In short, I'd go with TRE or Plan 9 as these are both actively supported.

Obviously none of these are C#/.Net and I'm not aware of one that is.

share|improve this answer
    
TRE looks good, thanks for the pointer! –  Eamon Nerbonne Nov 25 '09 at 9:17

If you can handle using unsafe code (and the licensing issue) you could take the implementation from this TRE windows port.

You might be able to use this directly with P/Invoke and explicit layout structs for the following:

typedef int regoff_t;
typedef struct {
  size_t re_nsub;  /* Number of parenthesized subexpressions. */
  void *value;     /* For internal use only. */
} regex_t;

typedef struct {
  regoff_t rm_so;
  regoff_t rm_eo;
} regmatch_t;


typedef enum {
  REG_OK = 0,   	/* No error. */
  /* POSIX regcomp() return error codes.  (In the order listed in the
     standard.)  */
  REG_NOMATCH,  	/* No match. */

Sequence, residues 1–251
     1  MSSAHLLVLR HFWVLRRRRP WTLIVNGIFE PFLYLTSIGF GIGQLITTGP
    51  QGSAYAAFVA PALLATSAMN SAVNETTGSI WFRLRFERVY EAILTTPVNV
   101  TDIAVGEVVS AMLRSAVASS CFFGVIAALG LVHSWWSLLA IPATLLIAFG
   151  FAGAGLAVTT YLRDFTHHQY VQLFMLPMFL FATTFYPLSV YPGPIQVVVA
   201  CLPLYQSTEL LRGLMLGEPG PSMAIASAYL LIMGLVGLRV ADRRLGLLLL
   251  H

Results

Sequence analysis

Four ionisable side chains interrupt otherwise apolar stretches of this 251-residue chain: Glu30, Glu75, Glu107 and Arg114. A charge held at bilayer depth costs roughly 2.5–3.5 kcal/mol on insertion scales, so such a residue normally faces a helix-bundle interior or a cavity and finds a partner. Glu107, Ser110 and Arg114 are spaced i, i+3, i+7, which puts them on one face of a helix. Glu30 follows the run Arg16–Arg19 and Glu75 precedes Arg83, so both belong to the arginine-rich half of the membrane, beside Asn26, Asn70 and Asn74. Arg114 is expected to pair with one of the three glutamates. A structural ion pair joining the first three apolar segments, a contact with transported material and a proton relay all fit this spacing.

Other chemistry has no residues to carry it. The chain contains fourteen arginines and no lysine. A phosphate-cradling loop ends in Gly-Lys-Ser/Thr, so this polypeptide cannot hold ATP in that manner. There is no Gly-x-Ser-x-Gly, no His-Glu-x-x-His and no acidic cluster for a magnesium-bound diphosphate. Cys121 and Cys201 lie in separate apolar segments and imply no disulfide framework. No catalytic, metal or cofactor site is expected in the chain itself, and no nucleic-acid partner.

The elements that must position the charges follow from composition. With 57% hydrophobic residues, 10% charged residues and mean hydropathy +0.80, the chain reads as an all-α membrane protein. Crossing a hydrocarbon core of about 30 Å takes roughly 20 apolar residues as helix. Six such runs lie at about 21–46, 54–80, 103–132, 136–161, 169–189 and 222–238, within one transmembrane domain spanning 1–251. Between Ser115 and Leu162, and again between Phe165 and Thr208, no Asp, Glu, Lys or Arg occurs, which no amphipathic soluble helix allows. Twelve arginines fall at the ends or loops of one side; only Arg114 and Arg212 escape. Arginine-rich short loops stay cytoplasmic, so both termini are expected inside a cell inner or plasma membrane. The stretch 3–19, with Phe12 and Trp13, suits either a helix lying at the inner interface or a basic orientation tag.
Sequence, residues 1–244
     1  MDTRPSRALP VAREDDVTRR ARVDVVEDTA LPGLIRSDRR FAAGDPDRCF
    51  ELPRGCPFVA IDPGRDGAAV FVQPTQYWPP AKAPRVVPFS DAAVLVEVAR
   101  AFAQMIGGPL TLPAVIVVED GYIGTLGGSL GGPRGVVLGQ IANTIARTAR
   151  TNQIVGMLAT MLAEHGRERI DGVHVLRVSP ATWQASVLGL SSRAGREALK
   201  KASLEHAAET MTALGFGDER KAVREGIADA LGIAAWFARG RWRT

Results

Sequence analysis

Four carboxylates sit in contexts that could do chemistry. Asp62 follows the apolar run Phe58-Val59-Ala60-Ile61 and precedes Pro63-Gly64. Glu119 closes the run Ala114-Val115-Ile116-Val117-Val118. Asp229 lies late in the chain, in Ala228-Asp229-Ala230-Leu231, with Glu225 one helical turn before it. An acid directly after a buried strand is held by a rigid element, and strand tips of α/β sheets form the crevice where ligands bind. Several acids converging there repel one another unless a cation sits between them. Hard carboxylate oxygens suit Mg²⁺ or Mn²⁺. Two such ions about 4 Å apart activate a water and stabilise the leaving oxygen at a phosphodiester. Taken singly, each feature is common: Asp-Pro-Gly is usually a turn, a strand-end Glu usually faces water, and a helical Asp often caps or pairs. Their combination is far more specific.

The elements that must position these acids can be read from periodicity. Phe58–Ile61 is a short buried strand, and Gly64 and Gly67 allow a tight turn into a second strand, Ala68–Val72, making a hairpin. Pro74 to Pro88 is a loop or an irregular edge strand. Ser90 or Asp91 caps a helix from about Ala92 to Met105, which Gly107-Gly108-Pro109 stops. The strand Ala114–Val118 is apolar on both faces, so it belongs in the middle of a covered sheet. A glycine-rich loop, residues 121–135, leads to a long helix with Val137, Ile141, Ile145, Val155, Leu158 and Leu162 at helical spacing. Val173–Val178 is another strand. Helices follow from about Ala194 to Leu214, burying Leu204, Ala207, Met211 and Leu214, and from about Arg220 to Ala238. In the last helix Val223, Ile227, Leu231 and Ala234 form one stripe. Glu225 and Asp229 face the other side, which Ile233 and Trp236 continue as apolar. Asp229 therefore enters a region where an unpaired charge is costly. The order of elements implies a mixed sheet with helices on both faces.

REG_BADPAT,   	/* Invalid regexp. */
  REG_ECOLLATE, 	/* Unknown collating element. */
  REG_ECTYPE,   	/* Unknown character class name. */
  REG_EESCAPE,  	/* Trailing backslash. */
  REG_ESUBREG,  	/* Invalid back reference. */
  REG_EBRACK,   	/* "[]" imbalance */
  REG_EPAREN,   	/* "\(\)" or "()" imbalance */
  REG_EBRACE,   	/* "\{\}" or "{}" imbalance */
  REG_BADBR,    	/* Invalid content of {} */
  REG_ERANGE,   	/* Invalid use of range operator */
  REG_ESPACE,   	/* Out of memory.  */
  REG_BADRPT            /* Invalid use of repetition operators. */
} reg_errcode_t;

Then use the exports capable of handling strings with embedded nulls (with wide character support)

/* Versions with a maximum length argument and therefore the capability to